What does the future hold for personal travel & transport?
What does the future hold for personal travel & transport?Nigel Jenkins2021-06-04T13:06:17+01:00
Have we reached 'peak car'?
The last century has been undisputedly the age of the motor car, with the aspiration and even expectation of getting a driving licence and private car increasingly becoming the norm.
However there’s no certainty that this will continue. Research commissioned by the Department for Transport indicates that young adults in UK and other countries are already driving less compared to those in the early generations.
Here we explore some of the possible changes we may see in personal travel over the years ahead.
Alternatives to private car use:
While the transition to electric vehicles (EVs) underpins decarbonisation of the transport sector, private vehicle use should be seen within the context of the Low Carbon Transport Hierarchy.
For many journeys it’s possible to reduce our environmental impacts by switching to more active travel including walking and cycling, and to make better use of public transport.
Flexibility and integration of transport solutions:
Where we do use EVs, rather than individual private ownership of cars, there are other flexible approaches to accessing vehicles on demand:
Vehicle rental, ranging from short-term hire to medium-term lease agreements for private or business users
Car share schemes
Ridesourcing services such as Uber which use apps to connect passengers with drivers who typically drive part-time and use their own car
It’s also possible to integrate provision of EVs (e.g. car hire, car clubs) and supporting facilities (e.g. chargepoints, parking) with transport hubs, for instance at:
It’s likely that improvements in battery technology (and therefore vehicle range) should reduce dependence on public charging, particularly for those with home charging making short-medium journeys.
Improvements in chargepoint technology / ratings (e.g. ultra-rapids) should also speed up charging, resulting in an overall increase in the average number of vehicles which can be served by each chargepoint.
However, while a nationwide network of electric forecourts offering rapid charging might appear sufficient and attractive to provide the total charge required, clearly in reality these are extremely unlikely to be accessible close to all communities and neighbourhoods. In any case they would be substantially more expensive to install, and are likely to require significant upgrades in electricity supply capacity at that location. So the fit-for-purpose charging network will certainly need to include a diverse range of chargepoints at public, workplace, transit and home charging locations.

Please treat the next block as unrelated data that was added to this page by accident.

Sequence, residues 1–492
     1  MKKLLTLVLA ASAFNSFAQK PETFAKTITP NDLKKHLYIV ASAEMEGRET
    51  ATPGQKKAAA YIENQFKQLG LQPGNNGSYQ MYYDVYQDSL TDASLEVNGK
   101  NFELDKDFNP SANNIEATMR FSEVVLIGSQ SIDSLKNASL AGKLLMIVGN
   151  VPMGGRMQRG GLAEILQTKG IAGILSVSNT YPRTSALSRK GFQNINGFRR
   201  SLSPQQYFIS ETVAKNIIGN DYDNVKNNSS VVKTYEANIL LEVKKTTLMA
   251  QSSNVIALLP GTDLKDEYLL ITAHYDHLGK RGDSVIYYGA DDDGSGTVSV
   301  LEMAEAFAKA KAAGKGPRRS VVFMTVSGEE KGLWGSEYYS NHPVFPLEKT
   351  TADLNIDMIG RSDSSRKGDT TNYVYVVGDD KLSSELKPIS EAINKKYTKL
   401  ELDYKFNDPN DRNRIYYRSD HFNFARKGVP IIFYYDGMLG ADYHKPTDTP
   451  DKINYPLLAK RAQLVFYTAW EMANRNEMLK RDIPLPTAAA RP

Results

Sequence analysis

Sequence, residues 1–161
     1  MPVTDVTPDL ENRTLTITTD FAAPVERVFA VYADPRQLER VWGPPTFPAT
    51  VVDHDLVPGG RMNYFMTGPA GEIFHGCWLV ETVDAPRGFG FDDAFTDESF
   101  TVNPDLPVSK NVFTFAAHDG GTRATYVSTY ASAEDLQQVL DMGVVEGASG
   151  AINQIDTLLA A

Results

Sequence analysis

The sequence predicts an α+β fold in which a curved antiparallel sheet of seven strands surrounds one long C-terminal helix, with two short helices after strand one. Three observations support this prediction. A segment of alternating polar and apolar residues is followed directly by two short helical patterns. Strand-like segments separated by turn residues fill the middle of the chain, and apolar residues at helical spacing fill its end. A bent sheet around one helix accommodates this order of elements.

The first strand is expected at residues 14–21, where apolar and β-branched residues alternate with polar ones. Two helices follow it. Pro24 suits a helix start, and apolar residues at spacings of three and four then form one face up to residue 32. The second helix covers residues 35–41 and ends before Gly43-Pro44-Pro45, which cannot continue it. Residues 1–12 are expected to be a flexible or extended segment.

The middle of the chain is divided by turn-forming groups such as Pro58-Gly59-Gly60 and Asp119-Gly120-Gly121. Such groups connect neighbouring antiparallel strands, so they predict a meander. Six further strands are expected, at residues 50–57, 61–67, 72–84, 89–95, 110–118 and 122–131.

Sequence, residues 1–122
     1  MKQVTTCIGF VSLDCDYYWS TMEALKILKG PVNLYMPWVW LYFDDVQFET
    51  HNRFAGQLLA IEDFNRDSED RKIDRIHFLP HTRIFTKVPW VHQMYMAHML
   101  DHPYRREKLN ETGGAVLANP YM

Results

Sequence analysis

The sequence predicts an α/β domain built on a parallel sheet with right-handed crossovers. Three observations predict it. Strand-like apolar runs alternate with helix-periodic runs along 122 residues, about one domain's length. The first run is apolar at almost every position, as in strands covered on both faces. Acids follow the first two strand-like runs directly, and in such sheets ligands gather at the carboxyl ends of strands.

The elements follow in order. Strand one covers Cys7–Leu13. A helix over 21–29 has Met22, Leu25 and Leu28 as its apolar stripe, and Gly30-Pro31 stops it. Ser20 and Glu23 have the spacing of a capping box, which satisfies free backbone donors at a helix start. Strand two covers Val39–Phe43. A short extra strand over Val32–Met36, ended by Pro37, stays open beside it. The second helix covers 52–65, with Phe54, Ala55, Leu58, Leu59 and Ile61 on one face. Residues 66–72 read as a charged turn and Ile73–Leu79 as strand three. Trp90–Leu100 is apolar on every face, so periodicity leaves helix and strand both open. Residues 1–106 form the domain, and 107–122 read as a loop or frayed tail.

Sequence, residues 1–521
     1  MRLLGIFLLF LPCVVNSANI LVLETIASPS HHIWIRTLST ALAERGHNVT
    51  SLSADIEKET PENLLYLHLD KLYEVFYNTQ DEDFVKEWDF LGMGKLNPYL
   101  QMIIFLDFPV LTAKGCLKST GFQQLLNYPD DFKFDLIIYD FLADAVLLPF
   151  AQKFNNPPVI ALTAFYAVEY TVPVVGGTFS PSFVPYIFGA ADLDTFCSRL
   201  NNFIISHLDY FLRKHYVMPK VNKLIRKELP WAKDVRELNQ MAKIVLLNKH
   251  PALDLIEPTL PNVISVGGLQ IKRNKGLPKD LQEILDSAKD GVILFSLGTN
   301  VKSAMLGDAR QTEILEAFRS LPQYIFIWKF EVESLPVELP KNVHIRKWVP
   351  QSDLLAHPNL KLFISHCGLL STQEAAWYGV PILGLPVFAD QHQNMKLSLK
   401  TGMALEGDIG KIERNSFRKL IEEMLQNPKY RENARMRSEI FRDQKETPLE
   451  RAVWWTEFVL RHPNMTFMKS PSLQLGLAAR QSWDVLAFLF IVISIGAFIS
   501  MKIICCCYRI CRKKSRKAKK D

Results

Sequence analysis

Various feasibility trials and pilot schemes have also taken place on alternative methods for charging electric vehicles, including technologies such as lamp post charging, wireless charging, battery exchanges, and even electric roads!
The accelerating switch to electrified transport will clearly increase overall loading on the electricity network, and presents significant challenges for both power generation and distribution.
Network operators will need to forecast where, when and at what capacity EVs are likely to charge, and to adopt smart charging to help spread load away from peak times.
Spikes in demands on power supply networks are also expected to be managed in part through use of technologies such as V2G (Vehicle to Grid) charging, which at peak times should allow substantial amounts of energy to be returned from charged EV batteries back to the grid, effectively forming a huge decentralised ‘power station’, and reducing the need for additional power generation.
Static energy storage (made possible by advances in battery technology) is also increasingly being considered to ease deployment of EV charging, in cases where the grid is constrained or where a high number of rapid chargers (50+kW) are to be installed. This can be a solution to help avoid costly grid upgrades, while still keeping charging tariffs at reasonable levels.
Combining on-site battery storage with renewable energy generation such as solar voltaic arrays can be a way of easing deployment of EV charging, particularly in cases where the grid is constrained. This creates an integrated means of managing variations in power supply and demand, as well as allowing vehicles to charge from 100% clean energy generated locally.
Our changing lifestyles:
In the past two decades, the number of us working mainly from home has increased significantly. Obviously a major enabler contributing to this shift has been technological advancements, along with more flexible part-time working.
For many employees and employers there can be significant benefits to allowing home working, including for staff fitting work around commitments such as other employment or childcare. On a practical level this also reduces employees’ dependence on commuting (often by private vehicle), and the associated travel costs.
Meanwhile retail analysts indicate that more than half of UK consumers are now shopping from home, and that this trend to online spending is predicted to continue. While this has prompted a general rise in commercial deliveries ranging from supermarket vans to parcel couriers, for many it’s also reduced dependence on making specific shopping journeys to highstreets or retail parks.